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I've written some JavaScript to display and subtly hide pieces of information on a staff page. Essentially, there are 3 emblems and 3 sets of description. If you hover over the design emblem, then it will show the design team's description and images, vice versa. Here is my code to do this:

$('.emblem img:first').hover(
            function() {
                $('.description:eq(1), .description:eq(2)').css({opacity : 0.2});
                $('.devStaff').css({opacity : 0.2});
            },
            function(){
                $('.description:eq(1), .description:eq(2)').css({opacity : 1});
                $('.devStaff').css({opacity : 1});
            }
        );

        $('.emblem img:eq(1)').hover(
            function() {
                $('.description:eq(0), .description:eq(2)').css({opacity : 0.2});
                $('.designStaff').css({opacity : 0.2});
            },
            function(){
                $('.description:eq(0), .description:eq(2)').css({opacity : 1});
                $('.designStaff').css({opacity : 1});
            }
        );

        $('.emblem img:eq(2)').hover(
            function() {
                $('.description:eq(0), .description:eq(1)').css({opacity : 0.2});
                $('.designStaff').css({opacity : 0.2});
            },
            function(){
                $('.description:eq(0), .description:eq(1)').css({opacity : 1});
                $('.designStaff').css({opacity : 1});
            }
        );

Now looking at this, I feel that there is definitely a better way to do this and I was wondering whether anyone would be able to offer some advice?

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2  
Based on your description it seems this could all be done with CSS. Not that using javascript to do it is wrong, it would just be far less code. If you build this in jsfiddle.net you may get some really good answers. – BZink Jan 11 '12 at 17:16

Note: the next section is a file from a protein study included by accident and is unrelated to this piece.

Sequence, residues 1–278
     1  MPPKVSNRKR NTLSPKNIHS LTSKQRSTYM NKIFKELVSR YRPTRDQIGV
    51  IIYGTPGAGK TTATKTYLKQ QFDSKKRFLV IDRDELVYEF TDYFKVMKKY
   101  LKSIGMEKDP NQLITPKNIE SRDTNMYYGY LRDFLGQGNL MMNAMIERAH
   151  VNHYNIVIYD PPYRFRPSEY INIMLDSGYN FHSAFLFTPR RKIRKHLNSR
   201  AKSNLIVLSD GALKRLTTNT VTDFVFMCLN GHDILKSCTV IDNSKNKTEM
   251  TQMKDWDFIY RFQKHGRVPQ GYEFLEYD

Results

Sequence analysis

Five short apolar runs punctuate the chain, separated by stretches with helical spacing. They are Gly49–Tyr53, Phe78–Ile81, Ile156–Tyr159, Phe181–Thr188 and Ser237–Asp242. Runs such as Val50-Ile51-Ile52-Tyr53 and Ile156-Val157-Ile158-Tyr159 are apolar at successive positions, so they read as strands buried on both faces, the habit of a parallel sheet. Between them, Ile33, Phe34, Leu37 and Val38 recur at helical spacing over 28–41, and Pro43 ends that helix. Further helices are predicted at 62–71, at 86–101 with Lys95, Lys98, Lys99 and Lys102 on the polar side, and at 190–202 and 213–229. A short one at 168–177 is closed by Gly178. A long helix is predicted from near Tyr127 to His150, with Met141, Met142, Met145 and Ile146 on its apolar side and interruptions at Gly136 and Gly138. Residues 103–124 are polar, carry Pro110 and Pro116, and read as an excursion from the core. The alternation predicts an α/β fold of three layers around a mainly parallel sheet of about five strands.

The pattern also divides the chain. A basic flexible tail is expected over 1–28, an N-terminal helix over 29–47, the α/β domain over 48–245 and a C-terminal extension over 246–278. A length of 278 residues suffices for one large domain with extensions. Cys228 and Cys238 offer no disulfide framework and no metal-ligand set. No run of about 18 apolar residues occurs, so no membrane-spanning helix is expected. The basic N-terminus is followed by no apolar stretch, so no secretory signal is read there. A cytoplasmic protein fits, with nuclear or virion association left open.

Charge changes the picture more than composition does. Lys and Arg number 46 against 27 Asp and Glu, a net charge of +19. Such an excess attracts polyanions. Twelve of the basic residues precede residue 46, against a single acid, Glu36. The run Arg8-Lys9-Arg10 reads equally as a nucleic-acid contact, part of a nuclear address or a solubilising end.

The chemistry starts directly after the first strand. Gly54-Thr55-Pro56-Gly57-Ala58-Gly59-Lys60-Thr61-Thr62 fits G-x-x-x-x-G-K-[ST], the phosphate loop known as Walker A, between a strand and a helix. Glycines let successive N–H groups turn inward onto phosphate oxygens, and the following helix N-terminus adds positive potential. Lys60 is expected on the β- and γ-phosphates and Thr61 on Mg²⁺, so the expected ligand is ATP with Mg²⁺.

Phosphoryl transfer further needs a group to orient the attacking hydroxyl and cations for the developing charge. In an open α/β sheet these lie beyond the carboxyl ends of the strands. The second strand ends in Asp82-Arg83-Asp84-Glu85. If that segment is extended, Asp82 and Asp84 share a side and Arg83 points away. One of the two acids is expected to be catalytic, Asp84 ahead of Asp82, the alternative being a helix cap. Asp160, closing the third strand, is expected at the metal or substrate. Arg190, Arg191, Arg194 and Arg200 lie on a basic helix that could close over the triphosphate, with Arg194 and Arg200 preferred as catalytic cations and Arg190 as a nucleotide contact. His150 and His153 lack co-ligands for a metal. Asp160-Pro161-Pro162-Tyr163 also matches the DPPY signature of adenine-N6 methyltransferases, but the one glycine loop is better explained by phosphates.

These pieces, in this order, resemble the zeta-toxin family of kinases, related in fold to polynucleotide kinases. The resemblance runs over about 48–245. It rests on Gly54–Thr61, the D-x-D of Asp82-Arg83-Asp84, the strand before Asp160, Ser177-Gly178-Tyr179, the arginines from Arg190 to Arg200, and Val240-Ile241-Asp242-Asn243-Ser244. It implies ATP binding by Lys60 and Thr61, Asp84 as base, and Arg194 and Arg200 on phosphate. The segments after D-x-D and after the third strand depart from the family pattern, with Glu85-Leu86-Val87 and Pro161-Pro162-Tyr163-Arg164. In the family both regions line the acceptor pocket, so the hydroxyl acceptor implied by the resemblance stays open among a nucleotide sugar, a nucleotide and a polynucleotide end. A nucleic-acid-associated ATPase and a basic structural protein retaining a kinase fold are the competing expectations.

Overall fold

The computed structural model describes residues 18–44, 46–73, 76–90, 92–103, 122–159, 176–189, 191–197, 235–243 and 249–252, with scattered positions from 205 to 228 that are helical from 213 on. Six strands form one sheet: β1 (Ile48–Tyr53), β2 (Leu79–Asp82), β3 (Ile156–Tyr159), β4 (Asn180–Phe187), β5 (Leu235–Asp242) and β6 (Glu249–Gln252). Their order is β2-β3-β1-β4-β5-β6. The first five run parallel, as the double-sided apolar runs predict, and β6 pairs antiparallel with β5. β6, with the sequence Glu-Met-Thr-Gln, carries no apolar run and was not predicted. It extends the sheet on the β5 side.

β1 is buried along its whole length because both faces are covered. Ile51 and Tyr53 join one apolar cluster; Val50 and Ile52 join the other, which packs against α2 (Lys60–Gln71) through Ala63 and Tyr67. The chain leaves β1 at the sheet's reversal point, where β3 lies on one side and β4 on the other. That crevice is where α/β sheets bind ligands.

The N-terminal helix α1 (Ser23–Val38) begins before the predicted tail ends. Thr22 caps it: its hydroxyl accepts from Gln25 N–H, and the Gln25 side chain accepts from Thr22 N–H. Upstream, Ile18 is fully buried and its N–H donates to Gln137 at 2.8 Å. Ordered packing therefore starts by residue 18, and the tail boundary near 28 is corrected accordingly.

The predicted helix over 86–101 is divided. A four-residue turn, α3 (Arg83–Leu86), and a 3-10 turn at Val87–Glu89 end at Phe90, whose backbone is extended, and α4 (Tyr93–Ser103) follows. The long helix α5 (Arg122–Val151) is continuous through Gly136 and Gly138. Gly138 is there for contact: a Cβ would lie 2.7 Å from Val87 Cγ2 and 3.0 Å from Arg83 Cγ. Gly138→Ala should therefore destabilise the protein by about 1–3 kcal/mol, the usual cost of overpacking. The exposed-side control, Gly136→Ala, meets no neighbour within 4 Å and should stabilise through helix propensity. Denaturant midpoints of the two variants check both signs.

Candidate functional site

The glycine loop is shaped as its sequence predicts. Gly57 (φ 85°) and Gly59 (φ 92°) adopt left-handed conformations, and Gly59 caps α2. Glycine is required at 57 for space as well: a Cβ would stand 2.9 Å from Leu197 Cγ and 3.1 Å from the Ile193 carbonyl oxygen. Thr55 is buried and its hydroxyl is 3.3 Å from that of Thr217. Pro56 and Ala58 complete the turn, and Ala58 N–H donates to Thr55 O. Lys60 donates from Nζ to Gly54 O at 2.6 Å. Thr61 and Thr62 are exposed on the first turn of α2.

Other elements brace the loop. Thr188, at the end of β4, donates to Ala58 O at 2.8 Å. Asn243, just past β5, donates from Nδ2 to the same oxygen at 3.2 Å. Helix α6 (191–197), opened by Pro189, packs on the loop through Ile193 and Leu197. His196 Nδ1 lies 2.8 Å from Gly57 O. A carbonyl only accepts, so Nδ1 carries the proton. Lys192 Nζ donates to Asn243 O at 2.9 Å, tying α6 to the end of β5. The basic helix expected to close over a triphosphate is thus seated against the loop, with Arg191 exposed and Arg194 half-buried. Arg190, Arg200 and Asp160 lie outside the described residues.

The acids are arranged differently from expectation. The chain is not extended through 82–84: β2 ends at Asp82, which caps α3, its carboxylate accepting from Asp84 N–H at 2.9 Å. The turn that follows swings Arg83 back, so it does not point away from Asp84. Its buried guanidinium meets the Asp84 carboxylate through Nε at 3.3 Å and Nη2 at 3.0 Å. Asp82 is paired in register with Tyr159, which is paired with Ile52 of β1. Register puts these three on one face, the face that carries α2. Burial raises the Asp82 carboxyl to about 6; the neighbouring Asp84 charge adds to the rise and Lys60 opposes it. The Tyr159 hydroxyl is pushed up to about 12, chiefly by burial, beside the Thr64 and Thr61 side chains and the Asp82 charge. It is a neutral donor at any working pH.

Look for the repeated code and for code that stays the same - extract what varies, template what stays the same and then inject the variables into the template. – Russ Cam Jan 11 '12 at 17:19
up vote 1 down vote accepted

Generally, you shouldn't repeat yourself (http://en.wikipedia.org/wiki/Don't_repeat_yourself),

Try calling a more general function, like this:

function fadeOut(eqNum1, eqNum2) {
    $('.description:eq('+eqNum1+'), .description:eq('+eqNum2+')').css({opacity : 0.2});
    $('.devStaff').css({opacity : 0.2});
}
 function fadeIn(eqNum1, eqNum2){
    $('.description:eq('+eqNum1+'), .description:eq('+eqNum2+')').css({opacity : 1});
    $('.devStaff').css({opacity : 1});
}

$('.emblem img:first').hover(fadeOut(1,2), fadeIn(1,2) );

$('.emblem img:eq(1)').hover(fadeOut(0,2),fadeIn(0,2));

$('.emblem img:eq(2)').hover(fadeOut(0,1),fadeIn(0,1));
share|improve this answer

You can replace :first, :eq(1) and :eq(2) by :lt(3) :

    $('.emblem img:lt(3)').hover(
        function() {
            $('.description:lt(2)').css({opacity : 0.2});
            $('.designStaff').css({opacity : 0.2});
        },
        function(){
            $('.description:lt(2)').css({opacity : 1});
            $('.designStaff').css({opacity : 1});
        }
    );
share|improve this answer

I follow these rules I bookmarked a while ago, I would defiantly at least follow the first, use an #id rather than .class as a minimum you do.

http://www.artzstudio.com/2009/04/jquery-performance-rules/

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